UNS software 112 is adapted to lookup and provide a user name to go along with the user's IP address. CS server 111 is adapted to hold pertinent user information in encrypted format in such as a database (not shown) internal to or external from CS 111. Persistent user information would include username/password information to ISP services and possibly additional information for logging into other service sites. User information may also include contact data such as e-mail address, phone numbers, physical address, and so on. User information may further include wallet information such as a social security number, credit card numbers, and so on.
 On the other side of modem bank 113 there is shown a PSTN network (114) and a local telephone switch 115. Local switch 115 represents a local telephony switch such as a PBX or ACD type switch. User 116 is connected to switch 115 within cloud 114 by way of a telephone line 118. It is noted that there are other types of Internet-connection architectures, any one of which can be used in the practice of the present invention. A dial-up connection as illustrated herein should not be construed as a limitation of the invention.
 User 116 is illustrated as a PC icon in this example, however it should be noted that other types of network-capable equipment can be substituted for a PC. User 116, also referred to herein at times as PC 116, has a Web browser or Client Application 117 operational and adapted under the right circumstances to enable Web-browsing as known in the art. Using application 117, user 116 can visit any reachable server in network 102. Client application 117 has a DNS configuration control (not shown) that functions to query a DNS server for an address for navigation as is known in the art. Similarly, every machine that logs on to network 102 receives a temporary IP address from the network, typically through the connecting ISP. The addresses are temporarily assigned for transient machines (not connected at all times) and are only valid under a current network session.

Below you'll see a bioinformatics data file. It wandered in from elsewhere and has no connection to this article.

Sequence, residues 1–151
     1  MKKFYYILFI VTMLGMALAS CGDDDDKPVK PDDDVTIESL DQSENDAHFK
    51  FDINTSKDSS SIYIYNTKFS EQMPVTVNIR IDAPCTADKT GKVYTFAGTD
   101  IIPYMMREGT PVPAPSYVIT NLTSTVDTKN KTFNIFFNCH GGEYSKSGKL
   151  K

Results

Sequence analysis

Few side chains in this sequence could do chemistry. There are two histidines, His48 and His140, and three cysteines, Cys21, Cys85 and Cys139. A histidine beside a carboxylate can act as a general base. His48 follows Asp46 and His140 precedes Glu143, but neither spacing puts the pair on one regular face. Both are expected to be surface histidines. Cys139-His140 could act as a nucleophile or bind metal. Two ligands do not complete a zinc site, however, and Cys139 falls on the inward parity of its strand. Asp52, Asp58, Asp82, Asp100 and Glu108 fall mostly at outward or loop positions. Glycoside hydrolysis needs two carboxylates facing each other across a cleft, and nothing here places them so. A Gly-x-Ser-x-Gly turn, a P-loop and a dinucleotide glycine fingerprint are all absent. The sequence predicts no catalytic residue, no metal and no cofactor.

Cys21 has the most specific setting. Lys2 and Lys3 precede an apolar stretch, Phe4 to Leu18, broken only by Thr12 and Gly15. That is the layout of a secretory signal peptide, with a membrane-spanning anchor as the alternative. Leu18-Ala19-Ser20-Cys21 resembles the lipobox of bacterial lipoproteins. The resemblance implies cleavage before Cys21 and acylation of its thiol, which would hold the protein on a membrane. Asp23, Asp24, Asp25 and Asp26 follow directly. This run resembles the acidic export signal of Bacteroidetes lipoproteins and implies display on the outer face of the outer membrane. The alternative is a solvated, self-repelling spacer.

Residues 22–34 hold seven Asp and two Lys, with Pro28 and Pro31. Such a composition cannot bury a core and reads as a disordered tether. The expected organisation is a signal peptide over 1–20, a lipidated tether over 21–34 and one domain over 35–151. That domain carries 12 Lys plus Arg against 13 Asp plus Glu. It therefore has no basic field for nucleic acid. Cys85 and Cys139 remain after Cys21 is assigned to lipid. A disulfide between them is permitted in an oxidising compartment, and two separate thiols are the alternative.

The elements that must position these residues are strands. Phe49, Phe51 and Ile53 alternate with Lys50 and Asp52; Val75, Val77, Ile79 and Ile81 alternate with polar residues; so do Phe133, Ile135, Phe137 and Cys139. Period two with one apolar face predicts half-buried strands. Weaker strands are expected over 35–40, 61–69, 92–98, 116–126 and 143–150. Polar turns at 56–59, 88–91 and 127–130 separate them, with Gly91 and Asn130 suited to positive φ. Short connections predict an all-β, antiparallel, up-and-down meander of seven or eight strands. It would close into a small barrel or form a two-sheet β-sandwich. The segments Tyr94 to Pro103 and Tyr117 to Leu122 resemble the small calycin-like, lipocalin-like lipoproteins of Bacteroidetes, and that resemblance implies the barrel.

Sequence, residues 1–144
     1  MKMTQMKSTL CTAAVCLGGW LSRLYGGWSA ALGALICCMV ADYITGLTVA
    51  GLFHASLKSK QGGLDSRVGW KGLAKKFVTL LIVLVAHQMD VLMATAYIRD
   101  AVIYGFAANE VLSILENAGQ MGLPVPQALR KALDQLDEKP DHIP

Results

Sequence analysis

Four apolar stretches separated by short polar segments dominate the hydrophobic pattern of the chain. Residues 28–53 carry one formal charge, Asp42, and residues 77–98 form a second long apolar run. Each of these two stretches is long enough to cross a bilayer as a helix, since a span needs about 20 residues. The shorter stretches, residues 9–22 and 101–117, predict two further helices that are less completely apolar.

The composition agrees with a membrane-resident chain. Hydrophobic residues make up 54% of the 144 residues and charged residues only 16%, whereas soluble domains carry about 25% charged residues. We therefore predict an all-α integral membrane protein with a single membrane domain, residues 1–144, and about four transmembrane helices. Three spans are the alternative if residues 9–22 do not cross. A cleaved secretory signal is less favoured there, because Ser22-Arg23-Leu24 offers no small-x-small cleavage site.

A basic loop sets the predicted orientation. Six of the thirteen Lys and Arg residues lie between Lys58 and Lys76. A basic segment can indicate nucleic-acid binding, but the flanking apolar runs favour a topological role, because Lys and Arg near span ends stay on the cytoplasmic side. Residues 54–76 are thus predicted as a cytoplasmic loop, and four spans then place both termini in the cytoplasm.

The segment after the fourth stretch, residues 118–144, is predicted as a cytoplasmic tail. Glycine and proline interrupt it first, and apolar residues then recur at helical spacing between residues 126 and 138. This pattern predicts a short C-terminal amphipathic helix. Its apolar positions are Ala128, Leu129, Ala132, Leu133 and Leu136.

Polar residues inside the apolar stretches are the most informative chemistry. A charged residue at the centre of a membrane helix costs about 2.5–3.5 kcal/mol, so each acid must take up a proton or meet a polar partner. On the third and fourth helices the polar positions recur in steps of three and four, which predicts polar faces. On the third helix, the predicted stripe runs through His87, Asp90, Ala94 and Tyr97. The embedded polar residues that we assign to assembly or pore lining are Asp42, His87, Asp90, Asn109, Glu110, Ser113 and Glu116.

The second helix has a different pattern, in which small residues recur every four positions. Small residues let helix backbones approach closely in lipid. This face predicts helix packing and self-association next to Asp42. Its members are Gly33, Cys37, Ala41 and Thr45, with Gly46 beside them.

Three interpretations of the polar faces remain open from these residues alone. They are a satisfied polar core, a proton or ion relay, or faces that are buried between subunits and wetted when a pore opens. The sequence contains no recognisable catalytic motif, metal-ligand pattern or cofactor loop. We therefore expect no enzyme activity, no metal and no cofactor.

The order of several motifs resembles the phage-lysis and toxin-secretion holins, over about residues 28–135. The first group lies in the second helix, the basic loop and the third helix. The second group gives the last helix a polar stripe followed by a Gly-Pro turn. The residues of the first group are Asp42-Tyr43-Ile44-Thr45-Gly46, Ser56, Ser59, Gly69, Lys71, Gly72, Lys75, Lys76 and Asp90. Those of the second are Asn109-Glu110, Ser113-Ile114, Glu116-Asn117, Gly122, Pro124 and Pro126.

Connection server 111 has an instance of the unique User Name Service (UNS) software 112 provided therein and adapted, in one embodiment, as an extension to DNS software already operating within server 111. UNS software 112 provides an extra level of realization to DNS, being a user name or ID associated with an IP address. In this example, ISP 110 is considered the service provider that will provide the service of the present invention. In another embodiment, a third party other than ISP 110 may provide the service of the invention. All that is required to practice the invention is at least one network data source requiring authentication, an issuer to generate an authentic token and a network end node accessible from an operating data network. The end point hosting the client capability may be a proxy server of the client, a client desktop computer, an application on the desktop, or even a peripheral communication with the desktop computer. The issuer can be an ISP, or any other provider of services. In a preferred embodiment, the system of the invention is federated, meaning that users may have access to and practice the invention regardless of network access provider and method of connection.
 In practice of the invention according to the instant embodiment and architecture of FIG. 1, user 116 logs in to network 102 by way of telephone line 118 through switch 115 in PSTN 114 and into modem bank 113 within ISP 110. Connection server 111 completes an Internet connection on behalf of user 116 via access line 120 to backbone 101. User 116 provides his user name and password at the time of access in order to obtain a browsing session first at his or her designated home page, typically served by CS 111. It is noted that an IP address has been assigned to user 116, which is to the user's machine.